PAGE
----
It is this conflict and this search for reconciliation between Christian belief and what is good in our cultural heritage that is the dominant issue that integrates my writing efforts through the decades. As the awareness of this problem grew in me, I wrote many articles and some books addressing it from different perspectives. With other theologians and philosophers, I have been given a series of insights before and after Vatican II that, it seems to me, are one central part of how we should not only critique but also integrate elements of contemporary Western and broader cultures to deepen our understanding of the Christian mystery and communicate it more effectively. These insights were mediated to me by my Catholic upbringing, my Benedictine life, my philosophical and theological studies, some non-reductive writings in the human and physical sciences by twentieth century experts whose work both challenged and enlarged this heritage, and above all by Vatican II. They took root in me, because I listened and was open to them, and needed them for my own life and ministry.

All this was a gift I felt called to share through teaching, writing and preaching. As this memoir will illustrate, it is my opinion that the value of many of these insights has not infrequently been confirmed by others. I am not claiming credit for anything good in this. If to some degree I have been the one our Lord has called me to be or done the work he has called me to do in his vineyard, this is more than any other reward I could ask for. And if to some degree I have missed the mark, these publications offer a point of dialogue to which others can respond to correct me.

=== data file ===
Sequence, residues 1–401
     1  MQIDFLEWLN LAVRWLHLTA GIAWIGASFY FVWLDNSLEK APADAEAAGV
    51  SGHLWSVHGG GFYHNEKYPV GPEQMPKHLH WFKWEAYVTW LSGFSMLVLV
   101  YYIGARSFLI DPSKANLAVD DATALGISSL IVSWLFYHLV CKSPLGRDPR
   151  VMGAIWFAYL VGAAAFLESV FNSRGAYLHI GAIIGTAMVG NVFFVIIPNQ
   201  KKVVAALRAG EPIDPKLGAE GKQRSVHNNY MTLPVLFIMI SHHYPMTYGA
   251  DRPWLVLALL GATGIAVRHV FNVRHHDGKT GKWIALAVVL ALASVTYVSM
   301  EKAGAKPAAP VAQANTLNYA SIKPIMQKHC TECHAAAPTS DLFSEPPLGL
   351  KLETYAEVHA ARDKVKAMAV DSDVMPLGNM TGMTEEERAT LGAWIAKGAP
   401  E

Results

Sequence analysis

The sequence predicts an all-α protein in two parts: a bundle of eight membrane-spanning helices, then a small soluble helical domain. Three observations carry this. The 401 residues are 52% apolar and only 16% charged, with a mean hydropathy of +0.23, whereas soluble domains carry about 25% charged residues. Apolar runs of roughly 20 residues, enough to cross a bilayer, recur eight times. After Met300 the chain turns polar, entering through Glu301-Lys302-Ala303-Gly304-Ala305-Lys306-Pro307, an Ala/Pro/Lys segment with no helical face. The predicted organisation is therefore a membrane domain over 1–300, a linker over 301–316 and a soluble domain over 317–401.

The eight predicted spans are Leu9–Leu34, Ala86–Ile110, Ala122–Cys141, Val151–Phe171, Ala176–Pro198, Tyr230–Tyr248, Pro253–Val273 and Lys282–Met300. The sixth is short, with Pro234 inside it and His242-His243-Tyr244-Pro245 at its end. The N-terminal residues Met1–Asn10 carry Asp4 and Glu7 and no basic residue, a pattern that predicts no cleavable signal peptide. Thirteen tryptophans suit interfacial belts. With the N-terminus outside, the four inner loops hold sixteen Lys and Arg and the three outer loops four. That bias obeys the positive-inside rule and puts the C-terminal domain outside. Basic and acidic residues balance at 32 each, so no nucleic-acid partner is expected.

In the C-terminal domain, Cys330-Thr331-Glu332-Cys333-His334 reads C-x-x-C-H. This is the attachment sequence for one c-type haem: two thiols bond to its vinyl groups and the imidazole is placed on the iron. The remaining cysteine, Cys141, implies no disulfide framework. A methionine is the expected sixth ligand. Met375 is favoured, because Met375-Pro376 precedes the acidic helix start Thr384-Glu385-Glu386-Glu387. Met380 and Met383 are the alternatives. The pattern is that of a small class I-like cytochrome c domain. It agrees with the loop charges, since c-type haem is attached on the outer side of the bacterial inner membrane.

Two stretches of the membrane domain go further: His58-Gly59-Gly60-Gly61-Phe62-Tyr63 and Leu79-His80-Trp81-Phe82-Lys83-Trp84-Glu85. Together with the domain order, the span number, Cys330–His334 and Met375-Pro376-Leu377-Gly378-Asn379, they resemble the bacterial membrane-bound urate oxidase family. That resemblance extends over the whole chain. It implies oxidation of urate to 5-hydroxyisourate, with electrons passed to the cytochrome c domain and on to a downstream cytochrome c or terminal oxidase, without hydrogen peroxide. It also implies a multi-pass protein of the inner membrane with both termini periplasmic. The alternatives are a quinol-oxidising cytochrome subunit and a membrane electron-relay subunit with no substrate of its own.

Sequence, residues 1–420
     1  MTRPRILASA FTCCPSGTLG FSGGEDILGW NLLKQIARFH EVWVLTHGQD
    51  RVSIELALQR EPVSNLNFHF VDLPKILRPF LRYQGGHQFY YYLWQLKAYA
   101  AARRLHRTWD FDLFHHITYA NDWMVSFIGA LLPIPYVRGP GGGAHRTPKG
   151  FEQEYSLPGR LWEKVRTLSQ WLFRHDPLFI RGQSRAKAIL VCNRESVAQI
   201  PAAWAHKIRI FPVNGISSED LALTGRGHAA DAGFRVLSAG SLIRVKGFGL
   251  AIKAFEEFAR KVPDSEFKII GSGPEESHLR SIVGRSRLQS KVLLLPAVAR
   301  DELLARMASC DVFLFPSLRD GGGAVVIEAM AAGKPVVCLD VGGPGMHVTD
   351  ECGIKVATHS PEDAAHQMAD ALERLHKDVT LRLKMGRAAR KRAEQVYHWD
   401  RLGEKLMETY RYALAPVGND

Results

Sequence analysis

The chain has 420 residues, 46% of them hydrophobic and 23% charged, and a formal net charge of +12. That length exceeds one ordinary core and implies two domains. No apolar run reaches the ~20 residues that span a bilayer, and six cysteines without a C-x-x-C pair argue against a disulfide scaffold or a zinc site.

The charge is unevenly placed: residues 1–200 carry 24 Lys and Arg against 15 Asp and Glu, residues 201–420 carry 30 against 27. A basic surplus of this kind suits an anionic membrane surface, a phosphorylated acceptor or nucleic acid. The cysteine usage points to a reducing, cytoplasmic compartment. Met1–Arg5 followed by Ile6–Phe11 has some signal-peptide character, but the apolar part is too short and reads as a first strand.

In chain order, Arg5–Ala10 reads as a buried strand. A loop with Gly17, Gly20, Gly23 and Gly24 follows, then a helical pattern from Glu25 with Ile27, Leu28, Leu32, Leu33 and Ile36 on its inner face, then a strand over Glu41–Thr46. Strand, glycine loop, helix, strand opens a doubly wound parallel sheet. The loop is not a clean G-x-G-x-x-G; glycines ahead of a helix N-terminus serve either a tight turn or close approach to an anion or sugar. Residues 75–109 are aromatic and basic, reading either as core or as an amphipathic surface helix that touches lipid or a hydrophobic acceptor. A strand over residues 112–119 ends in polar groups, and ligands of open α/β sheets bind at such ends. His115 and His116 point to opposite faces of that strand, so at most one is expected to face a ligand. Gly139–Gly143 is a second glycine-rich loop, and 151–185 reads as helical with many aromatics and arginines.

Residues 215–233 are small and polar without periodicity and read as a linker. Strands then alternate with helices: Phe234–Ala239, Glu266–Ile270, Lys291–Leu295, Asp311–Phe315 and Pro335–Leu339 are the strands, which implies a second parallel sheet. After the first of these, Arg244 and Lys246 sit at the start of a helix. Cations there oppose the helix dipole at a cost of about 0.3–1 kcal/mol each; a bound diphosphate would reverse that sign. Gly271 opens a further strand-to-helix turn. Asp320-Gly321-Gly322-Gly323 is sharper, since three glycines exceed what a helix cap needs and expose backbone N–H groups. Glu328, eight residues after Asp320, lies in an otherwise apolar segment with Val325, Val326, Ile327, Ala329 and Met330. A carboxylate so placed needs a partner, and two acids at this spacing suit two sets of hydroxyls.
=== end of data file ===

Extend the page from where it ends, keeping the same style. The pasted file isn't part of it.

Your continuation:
It has seemed to me that in addition to publishing a good deal of this in articles, books, and lectures on philosophy, theology and spirituality, it would now be appropriate for me to share with others a memoir of my life. A memoir enables me to publicly thank God and acknowledge many who helped me along the way, without whom these gifts would not have matured or been shared. Also, a memoir shows how I have understood God’s interaction with me through the mystery of his call, support, guidance mediated by the Church, my Benedictine life and the need for personal decisions about many issues. It shows through an individual life, in a way different from what theological or philosophical essays and books can do, what I have proposed elsewhere as an authentic interrelation between Christian Gospel and modern culture.